8. Content Can Have Different Presentation-Settings When Re-Used
This presentation information is bound to the item Daniel, when used on About-Us and not stored in the content-item Daniel itself. Because of this, re-using Daniel elsewhere can have different presentation settings. It can also be that a different template "Google Map" can show a Person, but the settings there would be very different. This is easy to do, because earch template decides what presentation-settings it wants to have.
9. Removing Content Only Removes the Assignment
Since the template receives all content-items assigned to it, hitting "remove" will not actually delete the item, but just un-assign it. This makes it easy to re-assign it in case this was a mistake, and it also keeps this item alive on all other use-cases.
Note that this sometimes causes confusion, because some users imagine the remove to delete the item (which doesn't happen when using the in-page toolbar).
10. In-Page Toolbars are Different for Data and Content
Imagine you have the same template-file used, once with the content-paradigm, and once with a data-paradigm. The automatic toolbar like @Content.Toolbar or [Content:Toolbar] will be different as you can see:
This difference is important. Content-items which are tied to this template-instance (using the Content-paradigm) ca be moved up/down, replaced by another item and more. But if the item is just shown because it's part of the database, these operations don't make sence.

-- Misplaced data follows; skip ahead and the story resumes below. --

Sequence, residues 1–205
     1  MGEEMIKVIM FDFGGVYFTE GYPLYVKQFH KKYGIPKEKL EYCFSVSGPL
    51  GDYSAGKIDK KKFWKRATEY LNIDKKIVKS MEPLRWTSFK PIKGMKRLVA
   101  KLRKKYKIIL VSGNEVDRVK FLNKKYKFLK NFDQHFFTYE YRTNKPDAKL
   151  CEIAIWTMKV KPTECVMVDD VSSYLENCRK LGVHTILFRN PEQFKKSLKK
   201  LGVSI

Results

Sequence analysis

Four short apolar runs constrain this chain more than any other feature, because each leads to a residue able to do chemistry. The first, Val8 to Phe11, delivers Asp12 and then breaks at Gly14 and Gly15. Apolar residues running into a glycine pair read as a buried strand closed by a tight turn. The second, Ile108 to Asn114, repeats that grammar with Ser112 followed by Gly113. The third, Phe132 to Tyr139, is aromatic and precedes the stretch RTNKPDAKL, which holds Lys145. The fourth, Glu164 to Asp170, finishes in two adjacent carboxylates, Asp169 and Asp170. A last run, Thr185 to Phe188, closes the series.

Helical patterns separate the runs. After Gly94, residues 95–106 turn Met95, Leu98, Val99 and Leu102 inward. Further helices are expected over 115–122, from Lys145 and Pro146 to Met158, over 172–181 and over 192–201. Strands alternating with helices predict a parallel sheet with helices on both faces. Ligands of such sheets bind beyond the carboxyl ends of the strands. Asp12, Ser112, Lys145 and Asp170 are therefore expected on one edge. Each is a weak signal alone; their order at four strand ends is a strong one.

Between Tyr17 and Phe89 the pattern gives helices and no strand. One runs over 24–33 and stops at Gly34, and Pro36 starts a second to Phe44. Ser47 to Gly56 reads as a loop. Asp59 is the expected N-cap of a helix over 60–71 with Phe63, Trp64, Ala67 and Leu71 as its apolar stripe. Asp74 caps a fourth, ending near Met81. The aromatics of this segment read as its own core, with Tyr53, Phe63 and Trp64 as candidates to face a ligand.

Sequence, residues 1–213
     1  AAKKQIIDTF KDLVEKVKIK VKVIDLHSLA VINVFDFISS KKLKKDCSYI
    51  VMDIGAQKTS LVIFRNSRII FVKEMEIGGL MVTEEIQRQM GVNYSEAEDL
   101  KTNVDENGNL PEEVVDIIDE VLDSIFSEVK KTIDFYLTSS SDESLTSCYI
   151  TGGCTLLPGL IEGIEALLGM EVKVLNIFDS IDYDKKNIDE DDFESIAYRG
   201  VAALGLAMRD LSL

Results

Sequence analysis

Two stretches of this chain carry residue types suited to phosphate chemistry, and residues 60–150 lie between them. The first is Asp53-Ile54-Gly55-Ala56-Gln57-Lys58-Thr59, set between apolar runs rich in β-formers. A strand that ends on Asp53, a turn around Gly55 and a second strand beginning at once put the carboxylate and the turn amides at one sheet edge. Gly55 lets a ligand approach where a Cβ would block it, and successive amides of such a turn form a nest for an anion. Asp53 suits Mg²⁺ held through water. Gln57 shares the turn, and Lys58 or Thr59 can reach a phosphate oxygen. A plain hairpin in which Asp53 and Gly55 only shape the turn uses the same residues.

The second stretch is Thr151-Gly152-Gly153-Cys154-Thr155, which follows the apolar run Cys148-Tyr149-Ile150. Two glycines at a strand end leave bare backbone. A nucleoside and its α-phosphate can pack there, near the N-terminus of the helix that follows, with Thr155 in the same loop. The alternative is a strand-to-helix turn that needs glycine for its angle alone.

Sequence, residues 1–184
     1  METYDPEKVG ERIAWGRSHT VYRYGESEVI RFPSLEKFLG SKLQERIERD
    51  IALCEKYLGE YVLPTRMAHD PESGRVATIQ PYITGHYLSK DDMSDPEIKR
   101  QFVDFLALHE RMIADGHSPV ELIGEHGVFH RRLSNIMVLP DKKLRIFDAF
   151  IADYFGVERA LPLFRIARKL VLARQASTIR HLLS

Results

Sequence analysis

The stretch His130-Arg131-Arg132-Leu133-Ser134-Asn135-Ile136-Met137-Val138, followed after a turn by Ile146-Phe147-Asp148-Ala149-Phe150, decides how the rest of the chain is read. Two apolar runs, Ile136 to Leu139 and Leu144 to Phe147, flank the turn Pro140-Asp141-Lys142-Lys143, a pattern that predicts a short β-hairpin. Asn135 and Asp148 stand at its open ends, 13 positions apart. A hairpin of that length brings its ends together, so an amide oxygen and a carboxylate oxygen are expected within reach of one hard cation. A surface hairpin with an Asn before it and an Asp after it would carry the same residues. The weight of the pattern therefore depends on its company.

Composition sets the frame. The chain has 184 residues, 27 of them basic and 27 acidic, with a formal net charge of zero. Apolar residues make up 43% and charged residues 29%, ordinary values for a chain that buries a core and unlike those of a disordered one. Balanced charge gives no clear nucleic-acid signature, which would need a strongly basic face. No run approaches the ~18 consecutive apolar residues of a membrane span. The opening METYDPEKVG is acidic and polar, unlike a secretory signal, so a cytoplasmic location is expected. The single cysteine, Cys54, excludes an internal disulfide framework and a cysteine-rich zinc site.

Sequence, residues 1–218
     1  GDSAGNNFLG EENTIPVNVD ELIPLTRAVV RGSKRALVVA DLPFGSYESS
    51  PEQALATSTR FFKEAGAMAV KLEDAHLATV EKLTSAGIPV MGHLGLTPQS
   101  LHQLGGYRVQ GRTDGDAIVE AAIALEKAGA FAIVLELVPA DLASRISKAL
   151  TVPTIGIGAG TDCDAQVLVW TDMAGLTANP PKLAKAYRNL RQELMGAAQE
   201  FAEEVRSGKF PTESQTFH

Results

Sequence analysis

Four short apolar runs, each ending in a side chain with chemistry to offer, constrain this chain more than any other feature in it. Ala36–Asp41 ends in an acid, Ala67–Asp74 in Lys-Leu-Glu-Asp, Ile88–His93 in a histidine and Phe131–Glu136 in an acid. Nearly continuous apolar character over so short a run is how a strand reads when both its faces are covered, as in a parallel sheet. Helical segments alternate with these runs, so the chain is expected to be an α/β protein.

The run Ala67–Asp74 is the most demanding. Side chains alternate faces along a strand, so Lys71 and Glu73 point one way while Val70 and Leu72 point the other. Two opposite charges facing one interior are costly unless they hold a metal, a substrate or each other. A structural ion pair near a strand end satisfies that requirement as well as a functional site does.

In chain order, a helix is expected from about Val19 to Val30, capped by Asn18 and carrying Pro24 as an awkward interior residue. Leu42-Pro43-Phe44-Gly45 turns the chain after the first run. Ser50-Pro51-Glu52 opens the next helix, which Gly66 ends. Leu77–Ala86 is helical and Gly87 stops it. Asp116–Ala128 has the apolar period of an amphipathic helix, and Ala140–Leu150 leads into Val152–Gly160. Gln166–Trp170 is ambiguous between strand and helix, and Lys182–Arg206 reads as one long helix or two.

You'll also note that the normal add button [ + ] is also missing in the data-mode. This is because it would confuse the editor. In the Content-paradigm, add will create another item immediately after the current item. In data-mode, this won't happen, because sorting is based on other rules. So if the editor would klick add to create a new item, it would often not be visible after saving, causing a lot of confusion.
11. Template-Configuration Tells the Toolbar How to Behave
So how does the toolbar know where this data came from? In the background, all assigned items have additional information like the order they are in. The toolbar uses this information to configure itself.
12. Content-Items are Still Data
Please remember that content-items are still stored the same way as data would be stored. The only special is that they are assigned to a specific template-instance. Because of this, you can always create a template instance and assign items you previously used as data, and you can also create a template which retrieves all items previously only used in specific instances. Need an example?
- imagine you started with a content-type Person and a template which uses these in the Content-Paradigm, letting you add a template, edit people etc.
- After a while you maybe added various people all over the site...
- ...and now you want to create a new template listing all these. This can be done immediately, without any additional code or special configuration.
13. Data-Access Code Is A Bit Different
Here's some Razor tips if you're just getting started:
- When working with common module-assigned data, you'll usually write something like Data["Default"]
- When working with all data in the app of a specific type you'll usually get it from App.Data["Typename"] - for example App.Data["BlogPosts"]
- When working with results from a visual-query, then the stream-name which gives you the desired list could be anything - as you name the things in the visual query. You'll then commonly do things like Data["Categories"] and Data["Authors"] and it will just work - IF your query delivers these streams
I hope this helps clarify various questions you may have run into. Much of this is intuitive and logical when you see the examples. But then again, sometimes an explanation like this is helpful :).
Love from Switzerland,